Despite the friction-free transmission of documents that the web has brought us, and with the ubiquity of PDF files, the rise of e-book readers and perhaps an Apple iPad (s aapl), we’re still a long way from the utopian vision of a paperless office.
Printing is still an important part of every web worker’s workflow, and though it’s quite arcane, much of our communication and documentation is still conducted via a paper trail. Not only does this leave piles of paper to manage, there’s the economic cost of all of that ink and paper and, importantly, there’s also an environmental cost involved with printing that we all bear as a society.
In a recent issue of Wired UK, Thomas Counsell from the University of Cambridge’s Institute for Manufacturing speculated that up to two percent of greenhouse gases are a result of paper consumption, largely driven by the production and disposal of new and used printed paper.
Counsell’s research is focused on technologies that use a combination of ultrasound and chemical solvents to remove toner from printed documents, enabling paper to reused. Though Counsell’s research is still very much in the labs and somewhat fantastical, there are alternatives, available today, that can help us make environmental and financial judgments about the paper and ink that we use.
The Paper-Less Alliance‘s web site not only provides handy advice on how to reduce paper consumption, but also provides free software, in collaboration with PaperCut, to help individuals and companies visualize their paper consumption in terms of a carbon footprint, trees, energy use and financial impact.
GreenPrint offers an inexpensive software solution that adds a new printer profile to Macs and PCs. As documents are sent to the “virtual” GreenPrint printer, they’re analyzed, and attention is drawn to wasteful or unnecessary areas, which users can then choose to remove from the final printout.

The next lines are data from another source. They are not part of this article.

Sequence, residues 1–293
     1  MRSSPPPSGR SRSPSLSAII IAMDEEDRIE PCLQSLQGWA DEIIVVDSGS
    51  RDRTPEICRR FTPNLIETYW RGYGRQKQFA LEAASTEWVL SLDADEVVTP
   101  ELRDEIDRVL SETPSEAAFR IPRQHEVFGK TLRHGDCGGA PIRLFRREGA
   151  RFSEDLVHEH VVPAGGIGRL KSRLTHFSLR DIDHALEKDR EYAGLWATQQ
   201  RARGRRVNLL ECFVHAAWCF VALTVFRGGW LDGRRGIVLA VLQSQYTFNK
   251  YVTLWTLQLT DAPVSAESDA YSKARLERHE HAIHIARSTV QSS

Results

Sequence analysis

For example, many documents often have a page with just a few words or lines on the last page; GreenPrint automates the discovery of such inefficiencies.
- optimizing a box pattern to use less paper
- tools that show the toxicity and chemical impact of various ink colors
- embedded guidelines from organizations such as Greenpeace
- calculating the number of trees or soy plants required for a print job
- suggesting digital rather than hard copy outputs
More recently, designer Matthew Robinson conducted a somewhat unscientific project entitled “Measuring Type,” which explored how much ink commonly utilized typefaces tended to use. Robinson discovered that Garamond had the highest ink efficiency.
Though I tend not to print much anyway, preferring the flexibility of digital documents, these four initiatives have forced me to understand the true cost of printing and show that software can help us make value judgments about environmental issues.
A year ago we saw controversy and ridicule around one researcher’s carbon calculation of a Google search (s goog), yet our various applications and tools still aren’t doing a great job of reporting their environmental impact to users. As we see software emerge to help us understand the environmental impact of printing, I hope we’ll start to see other categories of software and hardware reveal their environmental impact and cost.
Coincidentally, the Daily Beast just published a great article on the advantages and disadvantages of going paper-free, entitled “My Paperless Life.”
Are you mindful of the environmental impact of your printing? Which strategies do you employ to reduce waste?